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Like a man traveling in foggy weather, those at some distance before him on the road he sees wrapped up in the fog, as well as those behind him, and also the people in the fields on each side, but near him all appears clear, though in truth he is as much in the fog as any of them.

The setting: the Mauna Kea Observatories in Hawaii. The galaxy: one of the largest spiral galaxies yet identified, known as NGC 309. We had, for years, known that this galaxy was so large, that neighboring spiral galaxies (such as Messier 81) could comfortably fit in between its gargantuan spiral arms (see Figure 131). The challenge: to image this galaxy using near-infrared camera arrays, which had then only recently been declassified by the US military and made available for general use.

When the dust penetrated image of NGC 309 first appeared on our computer screens, we questioned whether the telescope had actually been pointed at the correct object! Figure 131 shows an optical image of the galaxy and Figure 132 the near-infrared view. We simply could not believe our eyes! What emerged from behind the shroud was a two-arm grand design spiral, with a small central bar, barely discernable on optical images. (Grand design spiral galaxies are famous for their prominent and well-defined spiral arms, which can be traced over large angles and which cover a large fraction of the disk of the galaxy. They truly are grand in design. In contrast, flocculent spiral arms as seen in Figure 140 and Figure 152 are short, fleece-like and the multi-arms in these galaxies cover only small areas of the disk.) Could it be that NGC 309 was hinting at a fundamental new and general Hidden Symmetry in Nature: that behind the dust shrouds of many spiral galaxies could lie beautifully symmetric stellar backbones?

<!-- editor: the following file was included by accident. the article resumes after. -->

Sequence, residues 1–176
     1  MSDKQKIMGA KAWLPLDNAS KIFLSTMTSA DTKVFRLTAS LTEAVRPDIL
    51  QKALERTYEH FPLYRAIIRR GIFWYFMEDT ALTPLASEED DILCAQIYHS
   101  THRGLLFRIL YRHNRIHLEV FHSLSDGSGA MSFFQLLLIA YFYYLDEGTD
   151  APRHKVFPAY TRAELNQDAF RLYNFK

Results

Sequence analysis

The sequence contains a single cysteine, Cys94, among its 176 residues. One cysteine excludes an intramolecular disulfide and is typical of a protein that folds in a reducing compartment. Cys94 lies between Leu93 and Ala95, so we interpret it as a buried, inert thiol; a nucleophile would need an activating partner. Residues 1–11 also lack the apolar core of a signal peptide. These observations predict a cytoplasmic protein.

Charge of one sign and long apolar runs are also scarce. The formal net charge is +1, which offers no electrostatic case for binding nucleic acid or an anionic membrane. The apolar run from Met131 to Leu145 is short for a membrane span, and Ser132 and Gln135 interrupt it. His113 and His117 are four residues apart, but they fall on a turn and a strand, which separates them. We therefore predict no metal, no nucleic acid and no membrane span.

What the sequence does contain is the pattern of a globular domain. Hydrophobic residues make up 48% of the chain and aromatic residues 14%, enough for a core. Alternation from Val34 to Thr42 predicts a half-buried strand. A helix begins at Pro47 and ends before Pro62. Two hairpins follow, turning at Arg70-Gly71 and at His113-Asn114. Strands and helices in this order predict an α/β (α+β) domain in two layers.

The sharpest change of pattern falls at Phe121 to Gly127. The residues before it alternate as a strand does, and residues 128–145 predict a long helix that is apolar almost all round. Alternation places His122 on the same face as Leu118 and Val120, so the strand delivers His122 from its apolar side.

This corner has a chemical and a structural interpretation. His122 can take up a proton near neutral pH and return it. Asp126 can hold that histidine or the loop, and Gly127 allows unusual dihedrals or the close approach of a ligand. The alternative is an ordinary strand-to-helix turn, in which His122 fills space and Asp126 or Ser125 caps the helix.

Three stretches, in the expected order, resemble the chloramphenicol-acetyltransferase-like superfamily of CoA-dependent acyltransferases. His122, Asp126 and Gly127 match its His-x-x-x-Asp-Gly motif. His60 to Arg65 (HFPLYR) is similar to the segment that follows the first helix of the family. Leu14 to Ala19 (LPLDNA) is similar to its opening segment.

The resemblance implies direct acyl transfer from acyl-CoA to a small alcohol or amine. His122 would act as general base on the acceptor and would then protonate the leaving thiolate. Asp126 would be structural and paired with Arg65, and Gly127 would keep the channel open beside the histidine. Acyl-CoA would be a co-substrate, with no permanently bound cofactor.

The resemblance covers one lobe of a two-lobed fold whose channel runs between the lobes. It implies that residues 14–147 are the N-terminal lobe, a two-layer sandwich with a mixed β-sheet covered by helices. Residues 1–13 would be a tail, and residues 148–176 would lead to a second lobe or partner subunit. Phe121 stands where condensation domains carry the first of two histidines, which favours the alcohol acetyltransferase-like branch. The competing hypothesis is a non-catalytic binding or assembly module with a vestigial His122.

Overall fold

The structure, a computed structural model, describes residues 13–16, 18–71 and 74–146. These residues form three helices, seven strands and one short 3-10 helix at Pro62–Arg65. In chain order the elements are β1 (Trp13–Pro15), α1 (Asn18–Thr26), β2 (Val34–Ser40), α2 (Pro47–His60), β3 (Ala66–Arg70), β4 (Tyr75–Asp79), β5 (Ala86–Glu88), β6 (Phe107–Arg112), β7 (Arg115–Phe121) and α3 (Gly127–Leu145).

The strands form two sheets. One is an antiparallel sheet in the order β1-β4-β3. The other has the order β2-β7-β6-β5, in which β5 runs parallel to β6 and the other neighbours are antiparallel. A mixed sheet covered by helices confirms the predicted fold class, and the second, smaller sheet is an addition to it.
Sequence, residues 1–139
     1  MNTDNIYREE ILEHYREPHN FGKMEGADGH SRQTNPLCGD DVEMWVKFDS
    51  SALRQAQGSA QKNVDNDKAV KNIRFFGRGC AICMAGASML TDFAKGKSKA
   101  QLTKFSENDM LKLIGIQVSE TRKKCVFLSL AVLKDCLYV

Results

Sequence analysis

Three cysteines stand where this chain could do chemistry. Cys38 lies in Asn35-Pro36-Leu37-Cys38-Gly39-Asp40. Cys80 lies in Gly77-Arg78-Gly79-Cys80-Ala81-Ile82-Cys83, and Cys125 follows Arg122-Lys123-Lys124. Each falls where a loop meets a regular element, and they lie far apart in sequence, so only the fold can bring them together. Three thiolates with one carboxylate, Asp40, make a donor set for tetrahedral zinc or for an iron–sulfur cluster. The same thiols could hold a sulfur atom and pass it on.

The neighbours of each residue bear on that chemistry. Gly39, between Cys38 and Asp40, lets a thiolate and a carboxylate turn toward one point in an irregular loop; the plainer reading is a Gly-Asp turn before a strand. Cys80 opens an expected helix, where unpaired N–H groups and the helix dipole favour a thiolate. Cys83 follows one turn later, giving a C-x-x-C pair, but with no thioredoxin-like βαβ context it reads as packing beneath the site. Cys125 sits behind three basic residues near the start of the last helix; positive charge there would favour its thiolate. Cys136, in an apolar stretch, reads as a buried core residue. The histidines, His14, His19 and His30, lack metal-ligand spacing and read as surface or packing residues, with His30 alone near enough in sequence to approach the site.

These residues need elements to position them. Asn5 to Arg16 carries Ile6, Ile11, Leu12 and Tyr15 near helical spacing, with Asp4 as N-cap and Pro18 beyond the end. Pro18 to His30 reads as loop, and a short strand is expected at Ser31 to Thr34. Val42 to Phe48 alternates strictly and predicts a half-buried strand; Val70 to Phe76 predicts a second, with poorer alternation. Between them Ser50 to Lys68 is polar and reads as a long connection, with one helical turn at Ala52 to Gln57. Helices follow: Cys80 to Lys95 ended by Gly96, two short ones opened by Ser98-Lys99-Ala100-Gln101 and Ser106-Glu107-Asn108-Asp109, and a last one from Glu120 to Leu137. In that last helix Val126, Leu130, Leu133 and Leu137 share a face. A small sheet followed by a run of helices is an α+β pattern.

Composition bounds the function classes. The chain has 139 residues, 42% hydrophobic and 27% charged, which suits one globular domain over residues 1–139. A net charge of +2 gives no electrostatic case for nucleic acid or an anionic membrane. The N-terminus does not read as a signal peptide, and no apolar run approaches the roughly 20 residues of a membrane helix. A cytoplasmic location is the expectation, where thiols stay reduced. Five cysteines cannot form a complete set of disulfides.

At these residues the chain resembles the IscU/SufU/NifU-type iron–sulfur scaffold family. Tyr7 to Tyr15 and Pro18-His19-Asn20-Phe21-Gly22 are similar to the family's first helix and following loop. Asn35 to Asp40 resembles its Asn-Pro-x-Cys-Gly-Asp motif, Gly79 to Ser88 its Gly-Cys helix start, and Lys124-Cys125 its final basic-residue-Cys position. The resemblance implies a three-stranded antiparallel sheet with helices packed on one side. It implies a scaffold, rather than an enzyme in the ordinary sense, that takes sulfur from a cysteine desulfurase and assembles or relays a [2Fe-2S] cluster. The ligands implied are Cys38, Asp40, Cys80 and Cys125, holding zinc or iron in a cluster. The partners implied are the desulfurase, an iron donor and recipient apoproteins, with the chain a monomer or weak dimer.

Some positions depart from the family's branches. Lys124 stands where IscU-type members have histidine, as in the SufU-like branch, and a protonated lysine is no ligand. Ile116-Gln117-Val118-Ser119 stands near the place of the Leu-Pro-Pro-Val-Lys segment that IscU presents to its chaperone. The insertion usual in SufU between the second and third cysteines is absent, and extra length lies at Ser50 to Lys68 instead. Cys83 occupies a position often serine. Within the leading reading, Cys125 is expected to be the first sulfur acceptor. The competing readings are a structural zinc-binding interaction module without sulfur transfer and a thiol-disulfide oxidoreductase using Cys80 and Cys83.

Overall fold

Upon writing up our findings (which subsequently appeared on the cover of the British scientific journal Nature), we noted that NGC 309 seemed to change its Hubble type, when imaged through its Shroud of the Night. Could it be true that Nature was to present astronomers with a daunting new view of galaxy structure, which may be unrelated to their optical Hubble types? The Dust Penetrated Universe

The Dust Penetrated Universe

Figure 132 [421] 221

The possibility of such a result had been anticipated by astronomer Vera Rubin and her collaborators. Dr Rubin and her team had studied dozens of spiral galaxies, and had noted that Sa, Sb and Sc spiral galaxies could all have the same shape of their rotation curve, and so belong to the same "form family." The implications of Rubin's studies are profound: galaxies of Hubble types spanning Sa to Sc may have similar backbones of stars in the near-infrared; for it is the stellar backbones of galaxies to which Rubin's "form families" of rotation curves are inextricably tied.

Earlier, in 1957, Fritz Zwicky commented on a comparison of blue and yellow plates of the Whirlpool Galaxy, Messier 51, and its companion NGC 5195. The plates were taken using the 200-inch reflector at Mt. Palomar. In a famous book entitled Morphological Astronomy., Zwicky's mind panned the future:

We are confronted with the possible case of being a normal spiral when seen in the light of its blue stars [young stars] and a barred spiral in the light of the yellow-green stars [older stars].